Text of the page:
Faith in Public Life commission advocates an ‘Anglican-plus’ policy
Posted: 07 Dec 2015 @ 05:11 – PA
IMAMS and rabbis in the House of Lords, non-Anglican representation at the next coronation ceremony, abolishing the requirement for schools to hold an act of worship, less selection of pupils by religion for faith schools, and humanists on Thought for the Day are among the recommendations in a new report on religion in public life, published on Monday.
The 104-page document, Living with difference: community, diversity and the common good, contains dozens of recommendations, and suggests a far-reaching overhaul of British institutions and culture, from the BBC to counter-terrorism strategy, to ensure that the diversity of religious belief present in the UK is properly represented.
The report is the fruit of two years’ work by the Commission on Religion and Belief in British Public Life, which was set up by the interfaith Woolf Institute. It has heard more than 200 submissions since summer last year (News, 27 June 2014).
The Commission was chaired by Baroness Butler-Sloss, a former High Court judge, and included Lord Harries of Pentregarth, the former Bishop of Oxford, as well as clerics, academics, and representatives from all the major faiths in the UK.
As well as introducing more non-Anglicans into public institutions and life, the report also calls for “much greater religion and belief literacy” in “every section of society” and for the Ministry of Justice to ensure religious courts abide by British law on gender equality.
A spokesman from the Church of England said that the Church welcomed those recommendations on improving religious literacy and the recognition of the role it played in relaying “non-Christian perspectives” to the public square.
But “we are, however, disappointed that the report misunderstands the role of Church of England schools in providing a rounded education to more than a million pupils from all backgrounds,” the spokesman said.
In a blog, the C of E’s Chief Education Officer, the Revd Nigel Genders, criticised the report’s comments on faith schools. He said that the faith ethos of C of E schools was eagerly sought after by parents, which was why they were “vastly over-subscribed”.
The current law requiring collective worship in schools was working well, and removing it would only tempt some schools to abandon the “vital element” of an opportunity to pause and reflect, he also said.
Speaking at the launch of Living with difference at Portcullis House, Westminster, on Monday, Baroness Butler-Sloss said that the fact her report had been attacked by both the Church of England and the National Secular Society — who have described it as “wholly misguided” — suggested they had got the balance about right.
“We live in an increasingly plural and diverse society,” she said. “We need a new settlement to overhaul UK public life.” Another member of the Commission, Professor Tariq Modood, cited surveys that suggested that those considering themselves to be Christian had fallen from two-in-three 30 years ago, to just two-in-five today.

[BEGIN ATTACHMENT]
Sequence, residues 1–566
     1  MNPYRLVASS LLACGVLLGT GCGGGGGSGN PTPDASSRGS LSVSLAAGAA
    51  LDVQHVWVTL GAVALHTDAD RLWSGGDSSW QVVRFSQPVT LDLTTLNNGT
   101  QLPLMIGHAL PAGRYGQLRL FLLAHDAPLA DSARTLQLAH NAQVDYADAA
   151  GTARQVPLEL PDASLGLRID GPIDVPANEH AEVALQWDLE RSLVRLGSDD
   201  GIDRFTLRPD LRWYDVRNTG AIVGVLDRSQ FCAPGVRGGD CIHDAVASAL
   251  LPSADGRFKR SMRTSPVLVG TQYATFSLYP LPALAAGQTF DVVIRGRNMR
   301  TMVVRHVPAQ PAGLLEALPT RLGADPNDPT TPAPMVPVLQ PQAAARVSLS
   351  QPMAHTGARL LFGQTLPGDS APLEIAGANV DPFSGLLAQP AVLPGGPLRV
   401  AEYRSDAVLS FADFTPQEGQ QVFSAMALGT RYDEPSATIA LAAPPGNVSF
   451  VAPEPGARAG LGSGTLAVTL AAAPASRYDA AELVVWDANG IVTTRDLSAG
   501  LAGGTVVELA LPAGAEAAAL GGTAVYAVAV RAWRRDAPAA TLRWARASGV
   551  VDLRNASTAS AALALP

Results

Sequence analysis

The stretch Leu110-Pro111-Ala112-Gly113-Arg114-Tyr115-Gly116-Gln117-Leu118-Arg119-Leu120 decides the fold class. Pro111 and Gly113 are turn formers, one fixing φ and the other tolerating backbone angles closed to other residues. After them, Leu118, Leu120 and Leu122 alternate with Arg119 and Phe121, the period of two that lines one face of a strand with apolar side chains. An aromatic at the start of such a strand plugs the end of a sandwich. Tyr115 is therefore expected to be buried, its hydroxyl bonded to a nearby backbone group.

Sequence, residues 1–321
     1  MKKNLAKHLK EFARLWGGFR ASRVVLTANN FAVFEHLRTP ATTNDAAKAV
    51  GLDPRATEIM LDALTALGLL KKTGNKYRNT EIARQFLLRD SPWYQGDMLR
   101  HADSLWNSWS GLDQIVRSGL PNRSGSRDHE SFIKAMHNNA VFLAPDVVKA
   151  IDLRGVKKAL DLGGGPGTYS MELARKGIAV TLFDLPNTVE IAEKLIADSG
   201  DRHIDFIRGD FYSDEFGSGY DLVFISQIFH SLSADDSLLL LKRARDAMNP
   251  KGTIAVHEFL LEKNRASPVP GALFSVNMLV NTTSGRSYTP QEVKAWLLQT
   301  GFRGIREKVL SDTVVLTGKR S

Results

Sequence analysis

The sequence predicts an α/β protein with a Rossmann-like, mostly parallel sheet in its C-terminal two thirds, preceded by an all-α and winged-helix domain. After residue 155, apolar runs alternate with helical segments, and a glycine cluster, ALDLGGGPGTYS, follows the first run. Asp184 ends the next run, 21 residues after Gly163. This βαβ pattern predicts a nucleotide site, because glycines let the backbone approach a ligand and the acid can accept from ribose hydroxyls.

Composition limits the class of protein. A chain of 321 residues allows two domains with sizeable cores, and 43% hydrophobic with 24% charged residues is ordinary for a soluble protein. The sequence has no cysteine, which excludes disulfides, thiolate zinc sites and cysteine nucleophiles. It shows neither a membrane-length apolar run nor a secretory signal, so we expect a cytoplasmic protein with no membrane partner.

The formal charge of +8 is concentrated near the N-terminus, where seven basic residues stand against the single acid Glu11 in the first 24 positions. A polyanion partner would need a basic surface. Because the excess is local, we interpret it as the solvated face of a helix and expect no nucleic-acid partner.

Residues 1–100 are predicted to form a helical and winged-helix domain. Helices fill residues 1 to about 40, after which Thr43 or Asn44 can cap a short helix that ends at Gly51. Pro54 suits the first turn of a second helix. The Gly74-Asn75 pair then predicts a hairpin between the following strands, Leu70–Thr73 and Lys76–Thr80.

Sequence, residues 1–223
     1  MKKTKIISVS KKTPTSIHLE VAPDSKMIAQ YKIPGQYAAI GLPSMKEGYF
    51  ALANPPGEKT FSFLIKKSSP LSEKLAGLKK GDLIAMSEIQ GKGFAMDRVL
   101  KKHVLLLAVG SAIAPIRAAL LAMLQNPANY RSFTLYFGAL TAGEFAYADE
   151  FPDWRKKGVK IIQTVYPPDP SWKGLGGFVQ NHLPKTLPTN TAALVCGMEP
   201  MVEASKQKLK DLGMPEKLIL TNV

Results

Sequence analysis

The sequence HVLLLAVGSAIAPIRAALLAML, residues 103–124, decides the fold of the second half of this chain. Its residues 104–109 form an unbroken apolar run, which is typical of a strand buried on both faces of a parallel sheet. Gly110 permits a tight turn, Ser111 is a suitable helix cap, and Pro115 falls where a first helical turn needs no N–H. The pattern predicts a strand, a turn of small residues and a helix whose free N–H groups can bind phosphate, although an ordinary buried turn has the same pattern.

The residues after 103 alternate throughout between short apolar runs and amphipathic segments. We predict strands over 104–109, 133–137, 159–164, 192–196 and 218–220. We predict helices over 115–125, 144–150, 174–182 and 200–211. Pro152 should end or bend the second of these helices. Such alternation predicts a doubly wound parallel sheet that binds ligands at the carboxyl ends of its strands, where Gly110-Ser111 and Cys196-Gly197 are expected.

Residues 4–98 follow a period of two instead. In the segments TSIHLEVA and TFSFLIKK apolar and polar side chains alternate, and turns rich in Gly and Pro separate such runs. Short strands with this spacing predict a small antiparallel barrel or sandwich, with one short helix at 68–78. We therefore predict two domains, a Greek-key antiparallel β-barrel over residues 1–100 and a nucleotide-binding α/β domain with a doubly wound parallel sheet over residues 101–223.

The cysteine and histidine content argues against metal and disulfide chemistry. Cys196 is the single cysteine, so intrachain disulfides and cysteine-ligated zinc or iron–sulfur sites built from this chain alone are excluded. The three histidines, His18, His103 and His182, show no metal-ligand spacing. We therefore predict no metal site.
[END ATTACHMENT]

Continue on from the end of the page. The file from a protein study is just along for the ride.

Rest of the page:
Although the Commission had been drawn from a wide variety of faiths, Baroness Butler-Sloss said that they had all agreed on the way forward — which she described as not minimising Christianity’s place in British public life, but adding to it with other faith traditions.
Lord Harries said: “We wanted to create a British narrative in which people of all religions and none could feel truly at home.” He said public events, such as coronation ceremonies, should seek to be as “all-embracing as possible”, with plenty of non-Christians represented.
“We want a crowded marketplace in which all traditions make their voices heard,” he also said. Rather than downgrade the C of E, the Commission wanted to make the Established Church more inclusive, using its “historical position” not to fight its own corner but promote everyone else.
A national conversation, likened by Baroness Butler-Sloss to a new kind of Magna Carta, should begin to draw up a joint statement of fundamental values to underpin public life. Rather than more pontificating from the “great and the good”, this would be a bottom-up process, she insisted.
The Government’s counter-terrorism strategy also came under fire. It appeared to suppress enquiry and freedom of expression rather than promote it, the report says.
“It is turning certain groups, particularly Muslims, into an ‘other’,” Baroness Butler-Sloss said. “They feel they are not trusted or part of British society. That’s very sad for the vast majority of decent Muslims in this country, and also has a real danger of radicalisation.
“We are bombing Syria and Iraq, but we are not going to win the hearts and minds of people other than through the communities from where these people come,” she said.
In the wake of a Report given by Baroness Elizabeth Butler-Sloss, which pointed to the lack of representation of other religious faith communities (than the state Church of England) in the House of Lords; this article in the U.K. Church Times by Tim Wyatt highlights the response of the Church of England to a report which is the fruit of two years’ work by the Commission on Religion and Belief in British Public Life, which was set up by the interfaith Woolf Institute.
There is a very good response to the Butler Sloss Report, from an English parish priest, which I have published in the previous thread on my blog kiwianglo.
Father Ron Smith, Christchurch, New Zealand